Tracking Battery Power
For those without sophisticated remote monitors, keeping tabs of 12-volt DC consumption when camping off the grid can be as simple as adding a $20 amp meter.
Camping off the grid presents several challenges — one of which is managing battery power. Whether you have one battery or a bank of six, having the capability to monitor amperage draw can make a big difference when estimating how often you need to recharge the batteries — and if your system is capable of getting the job done. A solar system takes some of the guesswork out; however, several days of rain or clouds will affect charging status.
Inverters can be the biggest battery drain, depending on how many appliances are operating throughout the day. There are a few options for monitoring battery levels and, for the most part, these remote gauges are tied into the inverter or solar system and can be rather expensive; retrofitting can also be labor-intensive. An inexpensive induction amp meter can give you a general real-time battery condition along with your onboard voltmeter. Then, if you keep a log of voltage in conjunction with the amperage draw, it’s possible to figure out how long the batteries will provide enough power to the inverter before shutdown occurs.
For this project, we purchased a $20 ampmeter and installed it on the positive inverter input cable near the circuit breaker. The induction feature allows the cable to be routed through a plastic ring wired to the meter, which will read amperage without any hard wiring — in the same manner as an induction voltmeter functions. This meter can be used for monitoring charging inputs to your battery as well as either from a solar system or your on-board converter. It’s a no-frills ampmeter, which will probably be viewed as rather crude by electronic experts, but it can be purchased readily on Amazon (just Google Baylite DC 5-120V 100A Mini Digital Current Voltage Amp Meter). It’s capable of monitoring from 5 to 120 volts DC.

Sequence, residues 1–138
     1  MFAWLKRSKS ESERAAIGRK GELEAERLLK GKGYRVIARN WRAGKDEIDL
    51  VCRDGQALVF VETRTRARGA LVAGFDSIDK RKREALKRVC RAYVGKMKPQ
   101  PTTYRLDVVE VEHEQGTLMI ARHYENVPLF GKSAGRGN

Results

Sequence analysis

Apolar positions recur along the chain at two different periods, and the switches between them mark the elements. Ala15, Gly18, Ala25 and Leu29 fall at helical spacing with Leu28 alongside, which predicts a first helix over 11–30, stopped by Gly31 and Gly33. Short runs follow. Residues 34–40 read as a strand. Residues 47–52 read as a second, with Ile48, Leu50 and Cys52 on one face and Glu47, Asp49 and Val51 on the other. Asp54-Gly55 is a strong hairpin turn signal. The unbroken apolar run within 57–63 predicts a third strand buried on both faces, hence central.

Installation is very straightforward. First, locate the positive cable that runs from the inverter’s circuit breaker or fuse to the input of the inverter. Be sure to disconnect this cable at the breaker instead of the inverter to ensure you won’t have a live wire floating around while you’re sliding on the induction ring. The induction ring has an arrow on top, which shows the directional amp flow.
Once you find a suitable location for installing the monitor, follow the cutout size listed in the instructions. This monitor only comes with a 6-foot cable from the induction ring and the power leads will have to be connected to 12-volt DC power. The power leads from the monitor will undoubtedly need to be extended, but the wire does not require a heavy gauge since there is very little draw; 22-26 gauge will be more than adequate. A 1-amp fuse and holder will need to be installed for circuit protection.
The ground wire can be attached to any metal surface or on the battery. The positive wire can be pulled from the inverter source or other location as long as it’s 12-volt DC, positive. Attach the cable from the induction ring to the monitor along with the positive/negative wires and the readout should light up. Once the monitor is fully installed, unplug any 120-volt AC source to the RV, turn on the inverter and a number (amp draw) will show up on the meter. If there’s a dot in the lower right corner, the induction ring needs to be reversed. Turn the inverter loads On and Off to make sure the meter is functioning correctly. The meter display will stay on permanently, but the voltage draw is miniscule.
This is a simple project, but you will need a drill and bits, a wrench to remove the positive cable from the fuse block, a measuring tape (preferably metric since the dimensions in the instructions are labeled in metric), wire strippers and wire crimper and a device to cut the rectangular hole to mount the meter. You may need something to pull the wires through multiple holes for termination at the cut-out location for the monitor.
You’ll also need the aforementioned 20-26-gauge wire, cable ties, caulking or putty to seal the holes where the wires are routed, miscellaneous terminals and a roll of black electrical tape. While this meter does not record amp-hours, there are others on the market that will provide this information — but the cost is considerably higher. Take a few notes, do some simple math and you’ll quickly learn that this inexpensive meter will help keep you from running out of power unexpectedly.